The March 11th earthquake also had a massive impact on the government's bottom line.  On April 22nd, 2011, the Japanese government issued a Supplementary Budget to cover expenditures related to restoration of the areas affected.  The total estimated expense reached ¥4015.3 billion or $52.15 billion, an increase of 5.67 percent on a budget that was originally set at ¥70,862.3 billion for the entire fiscal 2011 year.  It's interesting to see how a natural disaster can throw off a country's plans for fiscal improvement.  One need think only of the impact of a bad hurricane season to note the impact on America’s economy and accompanying government emergency expenditures.

Despite all of this fiscal imbalance, Japan's interest rates are extremely low.  Here's a graph showing Japan's 10 year bond rate since 1987:

Notice how the rate has dropped to below 2 percent and remained stable at that level since the late 1990s?  That low interest rate has been responsible for Japan's federal government remaining solvent.

Here's an interesting graph showing how the interest rate on Japans Government Bonds has dropped over the past 35 years from 7.4 percent in 1975 to 1.4 percent in 2009:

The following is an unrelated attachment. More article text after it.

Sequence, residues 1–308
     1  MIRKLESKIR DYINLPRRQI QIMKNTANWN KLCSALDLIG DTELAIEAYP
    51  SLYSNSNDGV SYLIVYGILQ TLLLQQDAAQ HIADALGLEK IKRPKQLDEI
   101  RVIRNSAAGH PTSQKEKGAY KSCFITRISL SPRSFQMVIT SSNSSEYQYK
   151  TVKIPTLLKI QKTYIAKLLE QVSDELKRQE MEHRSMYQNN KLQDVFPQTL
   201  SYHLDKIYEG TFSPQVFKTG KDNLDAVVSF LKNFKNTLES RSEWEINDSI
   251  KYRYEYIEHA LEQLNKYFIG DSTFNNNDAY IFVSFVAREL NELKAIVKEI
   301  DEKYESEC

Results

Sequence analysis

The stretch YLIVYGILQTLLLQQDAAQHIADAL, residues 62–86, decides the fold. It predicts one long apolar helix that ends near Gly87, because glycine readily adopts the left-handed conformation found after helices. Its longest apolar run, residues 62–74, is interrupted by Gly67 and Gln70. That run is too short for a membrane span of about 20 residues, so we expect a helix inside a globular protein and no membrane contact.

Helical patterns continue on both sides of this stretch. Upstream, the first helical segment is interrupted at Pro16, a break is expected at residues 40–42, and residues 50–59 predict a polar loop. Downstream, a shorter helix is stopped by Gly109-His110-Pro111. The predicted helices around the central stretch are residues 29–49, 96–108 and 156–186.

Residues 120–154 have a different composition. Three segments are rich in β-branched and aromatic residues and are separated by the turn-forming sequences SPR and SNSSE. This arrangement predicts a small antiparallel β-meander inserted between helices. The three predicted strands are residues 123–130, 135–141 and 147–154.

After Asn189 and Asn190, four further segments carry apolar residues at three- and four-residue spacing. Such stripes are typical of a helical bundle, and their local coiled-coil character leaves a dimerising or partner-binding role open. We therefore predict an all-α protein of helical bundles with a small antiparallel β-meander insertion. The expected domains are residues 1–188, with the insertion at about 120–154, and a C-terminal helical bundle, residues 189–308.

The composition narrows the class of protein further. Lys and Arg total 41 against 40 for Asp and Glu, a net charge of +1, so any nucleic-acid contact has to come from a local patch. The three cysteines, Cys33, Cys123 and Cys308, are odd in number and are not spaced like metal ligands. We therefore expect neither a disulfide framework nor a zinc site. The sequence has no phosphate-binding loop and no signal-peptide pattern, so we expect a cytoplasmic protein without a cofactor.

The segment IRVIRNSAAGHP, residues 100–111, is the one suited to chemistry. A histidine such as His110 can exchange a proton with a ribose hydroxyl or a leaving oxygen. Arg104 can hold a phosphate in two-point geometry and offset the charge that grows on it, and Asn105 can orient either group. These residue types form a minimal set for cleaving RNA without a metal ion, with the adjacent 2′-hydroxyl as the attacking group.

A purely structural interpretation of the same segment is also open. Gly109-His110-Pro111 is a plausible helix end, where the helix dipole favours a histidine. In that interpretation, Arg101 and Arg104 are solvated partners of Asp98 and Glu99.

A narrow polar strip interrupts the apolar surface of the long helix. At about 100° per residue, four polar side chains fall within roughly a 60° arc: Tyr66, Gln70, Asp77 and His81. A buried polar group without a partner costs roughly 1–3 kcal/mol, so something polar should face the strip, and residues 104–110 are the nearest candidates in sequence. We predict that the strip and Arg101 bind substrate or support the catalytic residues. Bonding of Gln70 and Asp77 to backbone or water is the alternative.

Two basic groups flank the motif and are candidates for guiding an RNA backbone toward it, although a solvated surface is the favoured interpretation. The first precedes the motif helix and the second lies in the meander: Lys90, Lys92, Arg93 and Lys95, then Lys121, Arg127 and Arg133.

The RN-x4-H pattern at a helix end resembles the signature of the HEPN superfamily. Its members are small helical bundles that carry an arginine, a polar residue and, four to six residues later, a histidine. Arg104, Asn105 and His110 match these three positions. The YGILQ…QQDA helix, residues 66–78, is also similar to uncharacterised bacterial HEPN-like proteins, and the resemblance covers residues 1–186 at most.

As in the case of the United States, if interest rates in Japan were to rise to normal historical levels, both countries would find themselves in a dire situation as interest payments on their sovereign debt would rise at the same time as outlays for baby boomer social programs were rising.  My suspicion is that as interest payments rise, many governments around the world will be forced to decide whether to pay their creditors or cut spending on social entitlement programs…or both.

Welcome to our future.


  1. What are the most indesirable consequences for a country (JP or US) if they chose one of the 'solution' proposed at the end of the article?

  2. Unrest locally if they cut social programs and unrest internationally if they are deemed incapable of paying their obligations.